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STAN BISHOP—A TRUE SOURDOUGH 

INTRODUCTION

 

Stan Bishop
at his home, near Ketchikan, Alaska
December, 1997

Photograph by Don MacMillan

 

Anyone who had the opportunity to spend some time with Stan Bishop probably heard him tell some of his hard-to-believe tales about life in southeast Alaska from the Depression days onward. It would be easy to suspect him of spinning tall Alaskan tales but I don’t think so.  Stan said he came to Alaska to find adventure and Alaska certainly did not disappoint him!  

My own life and Stan’s intersected in 1932 when I was just an infant, living with my parents at a remote salmon hatchery near Yes Bay, Alaska—some 50 miles northeast of Ketchikan.  Stan was wearing a heavy backpack full of canned milk for me and two other infants at the Yes Bay hatchery when he broke through the April ice on Lake McDonald.  He barely survived, thanks to the quick thinking of the other men crossing the frozen lake with him.  [See the full story at “Stan and the Milk Run.”] 

That probably wasn’t Stan Bishop’s first brush with death nor was it his last!  It seems nothing short of a miracle that Stan survived so many adventures in the harsh Alaskan wilderness and then lived to tell about them, as a very old man. 

In 1997, Louise Harrington and Don MacMillan, two volunteer interviewers with the Friends of the Ketchikan Public Library Oral History Project, spent some time with Stan, and his wife, Irene, taping his recollections.  Stan passed away on March 24, 2003.  Apparently no obituary was published and his wife preceded him in death.  How old was Stan?  I don’t have his birth date, but he was about 85 years old when his interview was taped in 1997 and a web search for death records indicated that Stan was 91 when he passed away.  That would mean he was born about 1912.  In this interview, Stan mentions that he was born in California. 

Thanks to Louise and Don, the slice of Alaskan history that might have gone to the grave with Stan is still alive.

 

NOTES ABOUT THE TRANSCRIPTION

“Transcribed by Louise Harrington; December, 1997. This tape is being made for the Friends of the Ketchikan Public Library Oral History Project on December 1, 1997. Louise Harrington and Don MacMillan interviewing Stanley Bishop.”

“Note: Throughout the manuscript the colloquial name ‘Ooligan River’ is used. It is spelled ‘Eulachon River’ on current maps and charts.”

[The Eulachon is a smelt, also known as a “candlefish,” which was traditionally used by Native Americans for food and for its very high oil content. When dried and fitted with a wick, a eulachon can be burned like a candle. BH]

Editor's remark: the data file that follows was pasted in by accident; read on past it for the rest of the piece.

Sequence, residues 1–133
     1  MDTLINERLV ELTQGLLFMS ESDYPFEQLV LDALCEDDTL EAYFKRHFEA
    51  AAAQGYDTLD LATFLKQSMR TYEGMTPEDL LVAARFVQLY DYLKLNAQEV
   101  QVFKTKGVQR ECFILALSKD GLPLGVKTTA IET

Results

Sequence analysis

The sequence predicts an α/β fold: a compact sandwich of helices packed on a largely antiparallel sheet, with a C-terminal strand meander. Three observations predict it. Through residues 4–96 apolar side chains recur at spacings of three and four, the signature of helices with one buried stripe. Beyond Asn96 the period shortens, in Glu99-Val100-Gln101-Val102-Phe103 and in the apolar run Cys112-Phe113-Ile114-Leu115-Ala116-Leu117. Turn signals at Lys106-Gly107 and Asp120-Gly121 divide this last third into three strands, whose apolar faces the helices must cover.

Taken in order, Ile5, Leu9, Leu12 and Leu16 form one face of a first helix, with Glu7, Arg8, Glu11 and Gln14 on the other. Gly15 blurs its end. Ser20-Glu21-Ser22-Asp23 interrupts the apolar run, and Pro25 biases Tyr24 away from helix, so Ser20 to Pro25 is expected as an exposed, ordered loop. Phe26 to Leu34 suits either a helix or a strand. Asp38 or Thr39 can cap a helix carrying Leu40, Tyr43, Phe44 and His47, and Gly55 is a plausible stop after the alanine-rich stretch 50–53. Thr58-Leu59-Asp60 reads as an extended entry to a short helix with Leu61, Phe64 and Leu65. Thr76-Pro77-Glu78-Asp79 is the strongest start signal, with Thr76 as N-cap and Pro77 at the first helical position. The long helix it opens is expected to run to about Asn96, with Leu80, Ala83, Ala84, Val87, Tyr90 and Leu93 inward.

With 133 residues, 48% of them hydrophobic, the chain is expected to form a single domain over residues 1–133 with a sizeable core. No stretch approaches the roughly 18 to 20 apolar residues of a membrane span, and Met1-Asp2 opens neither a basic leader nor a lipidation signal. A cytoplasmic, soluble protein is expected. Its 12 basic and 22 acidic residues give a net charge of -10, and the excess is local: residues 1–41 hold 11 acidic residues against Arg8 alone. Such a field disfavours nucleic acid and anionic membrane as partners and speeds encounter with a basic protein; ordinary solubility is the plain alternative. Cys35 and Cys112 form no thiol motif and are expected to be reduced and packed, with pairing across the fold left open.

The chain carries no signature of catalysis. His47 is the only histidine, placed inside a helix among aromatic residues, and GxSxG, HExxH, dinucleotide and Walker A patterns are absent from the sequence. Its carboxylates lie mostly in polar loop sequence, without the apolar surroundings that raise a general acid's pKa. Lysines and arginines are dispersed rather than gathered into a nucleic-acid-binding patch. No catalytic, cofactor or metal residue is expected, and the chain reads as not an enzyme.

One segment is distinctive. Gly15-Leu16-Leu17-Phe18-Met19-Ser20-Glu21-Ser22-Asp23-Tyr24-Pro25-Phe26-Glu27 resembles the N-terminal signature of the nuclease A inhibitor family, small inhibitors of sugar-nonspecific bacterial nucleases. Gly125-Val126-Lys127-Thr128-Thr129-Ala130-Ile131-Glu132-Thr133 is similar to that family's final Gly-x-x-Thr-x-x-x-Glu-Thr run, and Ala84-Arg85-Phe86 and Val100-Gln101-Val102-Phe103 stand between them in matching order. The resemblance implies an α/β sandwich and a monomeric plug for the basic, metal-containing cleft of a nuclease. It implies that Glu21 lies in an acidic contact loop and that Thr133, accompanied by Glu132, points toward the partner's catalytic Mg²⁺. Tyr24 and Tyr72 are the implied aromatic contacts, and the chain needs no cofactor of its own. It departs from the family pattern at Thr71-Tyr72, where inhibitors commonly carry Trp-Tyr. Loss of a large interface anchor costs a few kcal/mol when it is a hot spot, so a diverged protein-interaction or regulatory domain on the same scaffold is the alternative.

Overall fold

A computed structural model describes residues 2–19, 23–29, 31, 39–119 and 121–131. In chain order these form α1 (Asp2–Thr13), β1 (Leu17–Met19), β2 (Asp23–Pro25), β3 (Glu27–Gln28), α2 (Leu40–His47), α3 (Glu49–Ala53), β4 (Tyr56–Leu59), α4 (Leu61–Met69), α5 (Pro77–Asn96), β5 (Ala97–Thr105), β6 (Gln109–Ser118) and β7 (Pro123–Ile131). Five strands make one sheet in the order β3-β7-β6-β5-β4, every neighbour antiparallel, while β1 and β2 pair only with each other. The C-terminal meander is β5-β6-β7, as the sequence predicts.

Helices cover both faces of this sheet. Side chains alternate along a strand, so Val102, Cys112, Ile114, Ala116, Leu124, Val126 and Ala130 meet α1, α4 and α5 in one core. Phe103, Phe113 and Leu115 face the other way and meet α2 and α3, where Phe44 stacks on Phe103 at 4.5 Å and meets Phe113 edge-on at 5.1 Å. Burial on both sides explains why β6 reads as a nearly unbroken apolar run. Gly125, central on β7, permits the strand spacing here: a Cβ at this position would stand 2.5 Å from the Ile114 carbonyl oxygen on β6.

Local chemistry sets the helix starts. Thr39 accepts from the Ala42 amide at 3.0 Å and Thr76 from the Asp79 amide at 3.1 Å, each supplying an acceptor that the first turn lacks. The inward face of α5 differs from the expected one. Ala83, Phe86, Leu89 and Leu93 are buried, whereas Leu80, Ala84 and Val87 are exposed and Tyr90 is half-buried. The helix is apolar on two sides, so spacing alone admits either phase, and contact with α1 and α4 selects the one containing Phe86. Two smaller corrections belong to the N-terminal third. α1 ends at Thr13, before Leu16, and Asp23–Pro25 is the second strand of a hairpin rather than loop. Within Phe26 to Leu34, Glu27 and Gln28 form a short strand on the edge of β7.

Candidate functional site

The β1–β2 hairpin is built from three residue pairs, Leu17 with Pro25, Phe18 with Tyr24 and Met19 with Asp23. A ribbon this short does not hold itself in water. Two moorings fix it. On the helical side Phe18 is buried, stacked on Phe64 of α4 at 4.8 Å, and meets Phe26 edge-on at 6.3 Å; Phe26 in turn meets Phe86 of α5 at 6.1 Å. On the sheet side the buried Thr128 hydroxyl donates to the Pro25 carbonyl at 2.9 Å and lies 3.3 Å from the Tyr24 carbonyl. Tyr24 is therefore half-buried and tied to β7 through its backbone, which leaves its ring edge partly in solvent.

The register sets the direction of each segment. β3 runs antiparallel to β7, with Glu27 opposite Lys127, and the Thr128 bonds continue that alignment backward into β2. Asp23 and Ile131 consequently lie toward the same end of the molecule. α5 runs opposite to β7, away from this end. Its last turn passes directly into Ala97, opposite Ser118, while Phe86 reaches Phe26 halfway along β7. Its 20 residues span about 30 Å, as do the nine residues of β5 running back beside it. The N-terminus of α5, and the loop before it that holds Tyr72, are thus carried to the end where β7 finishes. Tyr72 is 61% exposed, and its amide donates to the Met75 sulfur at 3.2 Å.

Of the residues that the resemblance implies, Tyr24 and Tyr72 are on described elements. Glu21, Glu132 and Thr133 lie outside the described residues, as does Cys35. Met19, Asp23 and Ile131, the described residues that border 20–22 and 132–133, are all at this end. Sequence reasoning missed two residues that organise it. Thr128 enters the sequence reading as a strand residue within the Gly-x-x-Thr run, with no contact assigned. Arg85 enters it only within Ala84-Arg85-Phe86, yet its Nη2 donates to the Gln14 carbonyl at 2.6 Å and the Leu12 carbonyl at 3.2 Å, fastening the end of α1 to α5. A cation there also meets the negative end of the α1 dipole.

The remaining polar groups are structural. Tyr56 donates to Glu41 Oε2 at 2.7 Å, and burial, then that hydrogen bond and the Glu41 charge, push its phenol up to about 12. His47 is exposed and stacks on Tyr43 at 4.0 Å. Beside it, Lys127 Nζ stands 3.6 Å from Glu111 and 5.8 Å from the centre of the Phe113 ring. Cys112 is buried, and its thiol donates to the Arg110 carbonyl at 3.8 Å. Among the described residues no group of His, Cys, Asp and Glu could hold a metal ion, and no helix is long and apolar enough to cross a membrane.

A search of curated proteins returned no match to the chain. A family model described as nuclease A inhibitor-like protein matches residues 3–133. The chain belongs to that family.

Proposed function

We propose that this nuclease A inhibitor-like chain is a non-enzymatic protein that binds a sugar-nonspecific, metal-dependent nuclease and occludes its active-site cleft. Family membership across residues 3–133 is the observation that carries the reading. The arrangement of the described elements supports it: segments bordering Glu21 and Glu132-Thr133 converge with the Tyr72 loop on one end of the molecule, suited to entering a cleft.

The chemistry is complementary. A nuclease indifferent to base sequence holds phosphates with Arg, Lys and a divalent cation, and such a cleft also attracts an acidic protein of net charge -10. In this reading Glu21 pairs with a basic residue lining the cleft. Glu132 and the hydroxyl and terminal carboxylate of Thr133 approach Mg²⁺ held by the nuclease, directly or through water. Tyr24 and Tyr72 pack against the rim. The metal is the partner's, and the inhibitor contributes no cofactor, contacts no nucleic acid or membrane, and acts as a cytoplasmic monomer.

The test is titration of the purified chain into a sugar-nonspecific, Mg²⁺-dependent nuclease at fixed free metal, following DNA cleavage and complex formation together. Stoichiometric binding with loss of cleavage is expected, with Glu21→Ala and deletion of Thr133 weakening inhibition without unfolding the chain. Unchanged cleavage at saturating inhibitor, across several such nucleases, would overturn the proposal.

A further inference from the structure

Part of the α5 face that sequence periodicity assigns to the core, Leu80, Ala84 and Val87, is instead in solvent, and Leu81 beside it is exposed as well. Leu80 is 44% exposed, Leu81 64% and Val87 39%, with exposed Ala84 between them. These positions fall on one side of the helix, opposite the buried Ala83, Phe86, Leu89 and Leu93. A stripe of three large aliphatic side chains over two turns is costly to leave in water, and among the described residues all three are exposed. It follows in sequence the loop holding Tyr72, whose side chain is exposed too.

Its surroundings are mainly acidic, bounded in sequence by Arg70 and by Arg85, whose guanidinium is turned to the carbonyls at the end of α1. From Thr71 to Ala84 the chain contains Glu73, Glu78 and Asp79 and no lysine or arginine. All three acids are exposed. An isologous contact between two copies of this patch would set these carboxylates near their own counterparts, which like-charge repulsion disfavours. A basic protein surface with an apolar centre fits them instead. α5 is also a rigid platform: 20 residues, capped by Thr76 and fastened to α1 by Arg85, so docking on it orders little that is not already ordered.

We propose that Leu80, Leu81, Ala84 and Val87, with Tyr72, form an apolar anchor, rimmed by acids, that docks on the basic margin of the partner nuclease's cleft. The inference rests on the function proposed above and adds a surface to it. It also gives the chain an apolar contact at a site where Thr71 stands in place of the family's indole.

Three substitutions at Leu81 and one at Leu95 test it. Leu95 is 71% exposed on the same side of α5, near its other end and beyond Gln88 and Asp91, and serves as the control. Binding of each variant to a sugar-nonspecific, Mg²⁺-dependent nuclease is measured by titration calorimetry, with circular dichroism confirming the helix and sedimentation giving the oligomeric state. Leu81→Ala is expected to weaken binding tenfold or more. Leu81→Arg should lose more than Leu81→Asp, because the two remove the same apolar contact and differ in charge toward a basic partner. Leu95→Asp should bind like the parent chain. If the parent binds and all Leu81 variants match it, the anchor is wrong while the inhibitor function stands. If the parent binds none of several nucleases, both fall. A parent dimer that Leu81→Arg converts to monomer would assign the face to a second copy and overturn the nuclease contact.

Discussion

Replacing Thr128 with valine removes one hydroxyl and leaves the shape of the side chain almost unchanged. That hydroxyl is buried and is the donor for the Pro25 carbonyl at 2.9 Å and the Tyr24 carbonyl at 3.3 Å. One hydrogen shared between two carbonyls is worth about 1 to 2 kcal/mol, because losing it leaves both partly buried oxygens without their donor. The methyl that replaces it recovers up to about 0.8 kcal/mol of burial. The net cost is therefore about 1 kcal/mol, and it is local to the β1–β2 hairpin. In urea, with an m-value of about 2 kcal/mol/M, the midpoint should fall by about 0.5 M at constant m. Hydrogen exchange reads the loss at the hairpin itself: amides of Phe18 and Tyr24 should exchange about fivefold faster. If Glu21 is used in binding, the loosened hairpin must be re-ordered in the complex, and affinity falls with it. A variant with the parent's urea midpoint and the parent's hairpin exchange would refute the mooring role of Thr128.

[I have rearranged segments from the taped interview for a better chronological “fit” and given each segment a heading. In some cases I’ve inserted explanatory words and some of my own comments in brackets. BH]

Some of the places Stan mentions can be located on these maps:

 

 

Behm Canal Area and Location of Major Chinook Systems and Hatcheries.
Note location of Yes Bay Hatchery at upper left, off West Behm Canal
Unuk River is at top of map and empties into Burroughs Bay

Map courtesy of the Alaska Dept. of Fish & Game. Permission granted to reproduce.

 

 

 

Unuk River Area, Showing Major Tributaries, Barriers to Fish Migration
and Location of ADF&G Research Sites.

Map courtesy of the Alaska Dept. of Fish & Game. Permission granted to reproduce.

 

1. INTRODUCTION

2. EARLY YEARS IN CALIFORNIA

3. COMING TO ALASKA AND THE YES BAY HATCHERY

4. BECOMING A "DISCIPLE" OF ALASKA

5. THE UNUK RIVER

6. KEEPING THE LIGHT ON

7. HOMESTEAD ON THE OOLIGAN (EULACHON) RIVER

8. FUR TRAPPING

9. COMING HOME FOR THANKSGIVING

10. PLACER GOLD MINING ON THE UNUK

11. WORKING ON A ROAD TO CANADA

12. FREIGHTING ON THE UNUK

13. KETCHIKAN

14. WARTIME WORK IN KETCHIKAN-1940'S

15.PORT STEWART AND THE KETCHIKAN PULP COMPANY

16. EPILOGUE

* * * * * * * * *

 

 

1.Introduction 2. Early Years in California 3.Coming to Alaska-
Yes Bay
4.Becoming a
Disciple of Alaska
5.The Unuk River 6. Keeping the Light On 7.Homestead on the
Eulachon River
8.Fur Trapping
9.Home for Thanksgiving 10.Placer Mine
on the Unuk
11.Building a Road
to Canada
12.Freighting on the Unuk 13.Ketchikan 14.Wartime Work - Ketchikan 15.Port Stewart & Ketchikan Pulp Company 16.Epilogue

GB Halliday Home Page  

Related Alaskan stories:

"Stan and the Milk Run"

"Tales of Yes Bay, Alaska"

         
Unless otherwise noted, text and photos are the property of Glenn and Barbara Halliday, © 2004